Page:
Prose

The best bit of Brooklyn Bridge isn’t

Just as you feel when you look on the river and sky, so I felt;   

Just as any of you is one of a living crowd, I was one of a crowd…

What is it, then, between us?

What is the count of the scores or hundreds of years between us?   

Walt Whitman, Crossing Brooklyn Ferry

The best bit of Brooklyn Bridge isn’t the walk across it at sunset. 

It isn’t the sparkling Manhattan skyline stretched out before you.

It isn’t the endless East Coast sky; beckoning, forever beckoning.

And it isn’t the quiet ships plying the dark waters of the Atlantic beneath you.

The best bit of Brooklyn Bridge is reading the little letters to tomorrow carved into the walkway by thousands of travellers.

Like the Lascaux cave paintings, they speak to a deep and profound human need to say:

I was here. 

I existed. 

Remember me.

Remember me

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Prose

(Why I Love) the Nostalgia of the Infinite

Strangers leave us poems to tell of those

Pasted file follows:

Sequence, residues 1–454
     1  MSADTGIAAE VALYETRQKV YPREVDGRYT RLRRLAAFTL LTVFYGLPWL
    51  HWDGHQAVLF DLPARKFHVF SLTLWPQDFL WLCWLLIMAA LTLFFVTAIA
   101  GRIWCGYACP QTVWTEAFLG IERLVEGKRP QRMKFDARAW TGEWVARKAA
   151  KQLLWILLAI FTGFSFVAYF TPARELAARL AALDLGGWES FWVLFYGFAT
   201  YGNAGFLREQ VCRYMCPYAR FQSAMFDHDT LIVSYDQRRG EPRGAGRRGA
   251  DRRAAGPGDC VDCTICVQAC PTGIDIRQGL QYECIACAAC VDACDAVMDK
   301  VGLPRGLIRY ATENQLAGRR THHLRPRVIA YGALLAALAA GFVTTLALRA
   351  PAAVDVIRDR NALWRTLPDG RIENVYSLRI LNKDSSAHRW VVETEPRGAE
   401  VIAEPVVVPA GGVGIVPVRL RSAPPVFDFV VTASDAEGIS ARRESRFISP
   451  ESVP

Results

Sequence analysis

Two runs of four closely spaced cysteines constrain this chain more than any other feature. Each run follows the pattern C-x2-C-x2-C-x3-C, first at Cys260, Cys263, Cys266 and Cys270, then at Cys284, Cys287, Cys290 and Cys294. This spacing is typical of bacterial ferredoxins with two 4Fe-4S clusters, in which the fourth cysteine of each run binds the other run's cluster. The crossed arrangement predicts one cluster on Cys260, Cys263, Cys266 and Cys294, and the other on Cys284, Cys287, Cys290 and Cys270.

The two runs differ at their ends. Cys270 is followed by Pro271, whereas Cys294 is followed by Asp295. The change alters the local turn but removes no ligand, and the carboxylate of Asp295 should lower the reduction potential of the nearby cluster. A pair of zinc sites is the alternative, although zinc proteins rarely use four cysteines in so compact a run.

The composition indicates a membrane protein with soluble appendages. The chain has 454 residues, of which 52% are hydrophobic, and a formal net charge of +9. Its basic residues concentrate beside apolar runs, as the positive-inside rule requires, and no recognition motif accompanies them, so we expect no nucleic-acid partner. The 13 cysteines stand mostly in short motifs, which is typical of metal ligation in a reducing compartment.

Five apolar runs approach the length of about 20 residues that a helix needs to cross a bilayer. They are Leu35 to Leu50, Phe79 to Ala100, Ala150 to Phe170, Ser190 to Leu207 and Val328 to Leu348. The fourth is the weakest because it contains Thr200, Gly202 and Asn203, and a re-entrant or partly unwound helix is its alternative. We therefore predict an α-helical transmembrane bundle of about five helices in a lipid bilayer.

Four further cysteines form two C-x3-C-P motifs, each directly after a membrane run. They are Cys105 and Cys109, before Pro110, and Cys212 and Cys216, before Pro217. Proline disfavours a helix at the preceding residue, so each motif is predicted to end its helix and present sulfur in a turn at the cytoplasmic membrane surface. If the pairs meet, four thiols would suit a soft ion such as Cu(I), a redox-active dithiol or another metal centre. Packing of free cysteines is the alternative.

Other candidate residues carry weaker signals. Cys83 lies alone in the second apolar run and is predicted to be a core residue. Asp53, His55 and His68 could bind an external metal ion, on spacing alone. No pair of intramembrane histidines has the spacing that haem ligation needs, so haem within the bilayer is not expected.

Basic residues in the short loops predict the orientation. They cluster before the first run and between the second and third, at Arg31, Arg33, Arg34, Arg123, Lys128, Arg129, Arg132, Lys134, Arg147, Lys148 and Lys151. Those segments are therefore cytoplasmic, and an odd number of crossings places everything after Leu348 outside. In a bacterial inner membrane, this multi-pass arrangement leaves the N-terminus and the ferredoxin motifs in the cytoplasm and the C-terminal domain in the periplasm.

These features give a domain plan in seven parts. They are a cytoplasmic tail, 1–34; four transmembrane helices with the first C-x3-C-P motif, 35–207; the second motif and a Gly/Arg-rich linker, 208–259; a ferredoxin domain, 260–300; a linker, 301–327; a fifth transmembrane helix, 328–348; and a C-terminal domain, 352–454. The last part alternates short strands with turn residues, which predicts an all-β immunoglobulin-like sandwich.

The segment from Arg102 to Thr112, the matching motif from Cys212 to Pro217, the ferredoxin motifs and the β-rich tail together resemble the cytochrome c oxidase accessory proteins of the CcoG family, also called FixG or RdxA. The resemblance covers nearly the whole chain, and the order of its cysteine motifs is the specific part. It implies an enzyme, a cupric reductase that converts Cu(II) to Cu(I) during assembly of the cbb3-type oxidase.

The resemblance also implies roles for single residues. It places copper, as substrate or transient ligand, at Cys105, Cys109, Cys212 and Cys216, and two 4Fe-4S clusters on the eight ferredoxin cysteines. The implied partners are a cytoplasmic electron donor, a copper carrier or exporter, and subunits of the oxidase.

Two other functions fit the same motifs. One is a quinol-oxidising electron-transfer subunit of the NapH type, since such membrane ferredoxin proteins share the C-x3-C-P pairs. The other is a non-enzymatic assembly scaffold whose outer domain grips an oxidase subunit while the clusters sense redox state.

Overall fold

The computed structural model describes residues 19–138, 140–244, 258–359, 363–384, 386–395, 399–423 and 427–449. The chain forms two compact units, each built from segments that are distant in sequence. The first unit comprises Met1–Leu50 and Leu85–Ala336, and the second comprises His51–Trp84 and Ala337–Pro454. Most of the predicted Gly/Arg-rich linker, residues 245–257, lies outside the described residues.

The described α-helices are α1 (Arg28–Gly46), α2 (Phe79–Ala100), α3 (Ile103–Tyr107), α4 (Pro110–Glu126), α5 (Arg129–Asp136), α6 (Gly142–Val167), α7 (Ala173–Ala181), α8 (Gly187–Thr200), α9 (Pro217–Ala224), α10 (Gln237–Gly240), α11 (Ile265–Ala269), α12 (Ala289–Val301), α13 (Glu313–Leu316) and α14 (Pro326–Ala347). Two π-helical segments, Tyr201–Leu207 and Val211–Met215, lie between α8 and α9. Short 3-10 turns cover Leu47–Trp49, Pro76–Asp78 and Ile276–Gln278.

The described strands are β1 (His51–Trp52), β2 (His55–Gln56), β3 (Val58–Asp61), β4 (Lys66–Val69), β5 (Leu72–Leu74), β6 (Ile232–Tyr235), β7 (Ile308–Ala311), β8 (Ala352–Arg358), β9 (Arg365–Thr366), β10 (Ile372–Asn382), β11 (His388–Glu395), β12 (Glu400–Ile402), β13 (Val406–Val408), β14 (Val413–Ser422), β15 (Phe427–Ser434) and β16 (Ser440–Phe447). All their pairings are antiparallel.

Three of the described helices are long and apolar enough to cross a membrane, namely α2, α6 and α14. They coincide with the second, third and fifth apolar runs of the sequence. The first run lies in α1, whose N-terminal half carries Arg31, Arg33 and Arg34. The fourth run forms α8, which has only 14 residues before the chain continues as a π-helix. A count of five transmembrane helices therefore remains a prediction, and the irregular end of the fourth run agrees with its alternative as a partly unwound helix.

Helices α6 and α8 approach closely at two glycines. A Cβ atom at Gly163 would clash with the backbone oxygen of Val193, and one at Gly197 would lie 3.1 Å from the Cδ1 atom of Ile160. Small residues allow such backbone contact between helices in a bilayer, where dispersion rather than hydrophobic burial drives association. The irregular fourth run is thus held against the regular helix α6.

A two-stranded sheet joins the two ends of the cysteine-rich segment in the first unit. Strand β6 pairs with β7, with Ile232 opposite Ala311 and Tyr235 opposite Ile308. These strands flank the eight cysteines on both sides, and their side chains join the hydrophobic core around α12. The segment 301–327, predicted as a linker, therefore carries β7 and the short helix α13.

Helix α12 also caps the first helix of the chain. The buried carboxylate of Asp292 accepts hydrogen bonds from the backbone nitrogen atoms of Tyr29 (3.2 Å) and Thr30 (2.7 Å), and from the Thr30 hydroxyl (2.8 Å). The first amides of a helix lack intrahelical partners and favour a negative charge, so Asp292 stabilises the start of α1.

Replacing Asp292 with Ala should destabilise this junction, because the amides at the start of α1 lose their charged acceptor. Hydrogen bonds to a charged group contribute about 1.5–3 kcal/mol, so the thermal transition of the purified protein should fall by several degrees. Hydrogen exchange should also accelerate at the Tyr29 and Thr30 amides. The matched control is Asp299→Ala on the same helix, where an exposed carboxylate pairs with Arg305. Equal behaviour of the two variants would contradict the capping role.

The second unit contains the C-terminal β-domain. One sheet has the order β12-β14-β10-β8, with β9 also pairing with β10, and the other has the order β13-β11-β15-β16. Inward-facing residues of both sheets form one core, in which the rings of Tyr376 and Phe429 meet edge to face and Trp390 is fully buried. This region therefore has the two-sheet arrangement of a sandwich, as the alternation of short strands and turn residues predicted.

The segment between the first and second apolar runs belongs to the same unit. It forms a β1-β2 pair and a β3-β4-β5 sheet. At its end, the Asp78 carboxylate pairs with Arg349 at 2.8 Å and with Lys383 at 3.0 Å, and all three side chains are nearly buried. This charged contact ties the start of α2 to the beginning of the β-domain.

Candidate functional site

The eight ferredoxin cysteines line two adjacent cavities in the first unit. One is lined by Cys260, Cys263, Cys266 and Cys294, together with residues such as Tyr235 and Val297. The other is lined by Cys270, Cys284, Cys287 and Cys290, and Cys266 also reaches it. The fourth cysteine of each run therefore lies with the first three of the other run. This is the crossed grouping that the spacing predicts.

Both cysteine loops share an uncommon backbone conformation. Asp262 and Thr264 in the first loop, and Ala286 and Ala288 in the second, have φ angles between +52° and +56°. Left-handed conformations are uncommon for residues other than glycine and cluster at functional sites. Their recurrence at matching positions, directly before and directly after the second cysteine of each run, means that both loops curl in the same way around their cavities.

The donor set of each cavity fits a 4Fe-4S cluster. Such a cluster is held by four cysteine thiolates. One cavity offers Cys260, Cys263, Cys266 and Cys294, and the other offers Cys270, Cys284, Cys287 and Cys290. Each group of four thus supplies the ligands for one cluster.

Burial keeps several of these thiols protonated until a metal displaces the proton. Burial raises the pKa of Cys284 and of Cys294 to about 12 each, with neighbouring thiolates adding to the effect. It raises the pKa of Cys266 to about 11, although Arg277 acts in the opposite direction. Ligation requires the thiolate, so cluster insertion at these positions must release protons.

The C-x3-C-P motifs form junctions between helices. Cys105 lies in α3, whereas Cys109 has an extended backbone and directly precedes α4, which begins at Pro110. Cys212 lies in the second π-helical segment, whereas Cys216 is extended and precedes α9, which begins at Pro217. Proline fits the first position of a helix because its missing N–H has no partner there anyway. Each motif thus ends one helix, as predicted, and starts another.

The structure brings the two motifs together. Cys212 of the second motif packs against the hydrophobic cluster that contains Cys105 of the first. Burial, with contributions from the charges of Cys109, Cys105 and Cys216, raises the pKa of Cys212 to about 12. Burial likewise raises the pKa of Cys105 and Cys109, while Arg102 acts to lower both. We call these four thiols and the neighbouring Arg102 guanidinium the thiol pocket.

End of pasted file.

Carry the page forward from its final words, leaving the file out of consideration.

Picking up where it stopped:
they loved, how the heart broke, to whisper

of the religion upstairs in the dark,

sometimes in the parlor amid blazing sunlight,

and under trees with rain coming down

in August on the bare, unaccustomed bodies.

Jack Gilbert, Relative Pitch

The Nostalgia of the Infinite has been my favourite piece of art for as long as I can remember. 

I don’t know when I first saw it — perhaps it had something to do with the indie game, Ico — but none of that truly matters. What matters is this:

That there is a deep and yearning nostalgia within Man’s heart. He feels it flutter when he looks upon the endless sea. He feels it tighten when he gazes up at the beckoning stars. He feels it even when he is with the one he loves most in the world. 

The heart yearns to mingle itself with the object of its desire and it can not and so it yearns to be whole. It has yearned since the dawn of consciousness and it yearns still with each (lub dub) and every (lub dub) beat. 

For there was once a time when it was not so — the heart was whole and it knew no sorrow. But that time has long since passed and is but a half-remembered dream from a childhood siesta for ever ago. But men will do strange things to appease their half-remembered dreams. Alexander led his armies to the very edge of the world. Thousands died in the impenetrable rainforests of the Amazon searching for El Dorado. And in a town called Babylon, a man built the greatest tower ever built to look upon the Face of God. It has always been so. 

But look closer. 

There they are, in plain sight. 

(two)

And, as they lean closer in the empty piazza, for a moment, their shadows become…

(one)

Giorgio de Chirico, The Nostalgia of the Infinite (Paris, 1911)

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